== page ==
A memorable calendar gaffe occurred when I reported that someone was charged with a June 31 killing. A caller suggested this would be an easy acquittal; there could have been no homicide because there is no June 31.
Another inexplicable mistake was my story about the Central Bridge over the Ohio. A reader called me at home and asked for “that dumb asshole Kaufman.” I assured him he had the right person, and when he asked where the Central Bridge ran, I said Cincinnati to Newport. “Right, so why did you write in today’s paper that it ran between Cincinnati and Covington?” No one in the newsroom caught my error.
Esoteric errors also pop up. A caller ripped me a new one because I’d written about his church and endowed him with the traditional title for Christian clergy, Rev. He was sure I’d set out to embarrass him. By the time he hung up, I still didn’t know what infuriated him. I called one of his fellow pastors with whom I had a good working relationship. He laughed about his colleague’s “most unChristian” language and explained that their branch of Protestantism shuns Reverend and similar titles as unbiblical. He added that his brother pastor had blown a chance to educate a reporter, something he never failed to do.
Then there are other errors.
I was night editor of a tabloid-size English-language daily in Italy, and one of my tasks was to replace “fly to Tel Aviv” ads with “fly to Amman” or “fly to Cairo” in later editions. I forgot one night, and our representatives in those cities were called by Jordanian and Egyptian customs: Cut out the offending ads for Israel or trash every copy. They scissored. I heard about that.
Inadvertent goofs are the stuff of legend. Columbia Journalism Review, Regret the Error and others share headlines that can be read more than one way. The New Yorker long has filled out short columns with bits of baffling stories from newspapers.
I have a board full of them in my den. Most are sexual or scatalogical. One of my favorites, which vanished after the Enquirer first edition, was on the “jump,” the continuation of a cover story on an inside page. It used the subject’s last name but what followed caused the problem: “HEAD: You get more than you give.” I didn’t write that one.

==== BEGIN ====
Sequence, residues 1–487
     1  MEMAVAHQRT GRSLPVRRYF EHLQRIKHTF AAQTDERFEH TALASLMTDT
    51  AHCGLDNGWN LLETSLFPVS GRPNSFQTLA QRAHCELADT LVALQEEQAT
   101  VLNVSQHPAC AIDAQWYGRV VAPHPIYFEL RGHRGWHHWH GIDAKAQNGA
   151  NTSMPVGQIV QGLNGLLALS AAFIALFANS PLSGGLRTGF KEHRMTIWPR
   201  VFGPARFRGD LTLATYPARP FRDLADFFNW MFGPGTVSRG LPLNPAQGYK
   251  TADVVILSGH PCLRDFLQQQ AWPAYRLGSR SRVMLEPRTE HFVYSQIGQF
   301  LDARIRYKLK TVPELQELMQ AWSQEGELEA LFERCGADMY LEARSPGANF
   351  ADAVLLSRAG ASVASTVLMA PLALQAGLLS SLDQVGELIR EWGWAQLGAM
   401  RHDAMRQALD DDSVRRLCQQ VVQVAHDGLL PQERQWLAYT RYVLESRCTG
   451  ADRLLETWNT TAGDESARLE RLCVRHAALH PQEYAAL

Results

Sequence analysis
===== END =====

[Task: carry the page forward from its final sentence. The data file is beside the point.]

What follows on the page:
My favorite personal goof recalls George Bernard Shaw’s famous saying, “England and America are two countries separated by a common language.” I was editing a paper in Central Africa and we used a UPI story about Albert Schweitzer working in his African hospital on his birthday. In blissful ignorance, I sent through the six-column page 1 headline, “Schweitzer, 89, still on the job.”
For Brits and others in the Commonwealth, “on the job” refers to the male partner in heterosexual missionary position intercourse. I didn’t know that. It wasn’t part of my cultural anthropology course at London University. None of our subeditors (Brits, Australians, Rhodesians, South Africans, Scots) alerted me. Later, over Lion lagers, they explained the conspiracy of silence: They’d never see that expression in a headline again, and it could always be blamed on “the Yank.” They wouldn’t, and it was. Ever the gentleman, Schweitzer didn’t ask for a correction.
Then there are deliberate errors. When French Algerian settlers tried to assassinate DeGaul, “assassinate” wouldn’t fit our tabloid page 1 so I dropped an S. The headline read “assasinate.” No one noticed or, if they did, they didn’t say anything.